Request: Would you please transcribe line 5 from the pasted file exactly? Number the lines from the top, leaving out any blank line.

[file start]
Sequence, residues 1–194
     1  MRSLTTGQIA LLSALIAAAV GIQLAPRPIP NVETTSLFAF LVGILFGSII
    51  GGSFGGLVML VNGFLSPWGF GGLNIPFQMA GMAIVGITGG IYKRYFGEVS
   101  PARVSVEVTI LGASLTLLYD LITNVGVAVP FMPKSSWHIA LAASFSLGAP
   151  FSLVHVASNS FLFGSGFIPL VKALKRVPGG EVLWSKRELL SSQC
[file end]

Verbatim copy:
   151  FSLVHVASNS FLFGSGFIPL VKALKRVPGG EVLWSKRELL SSQC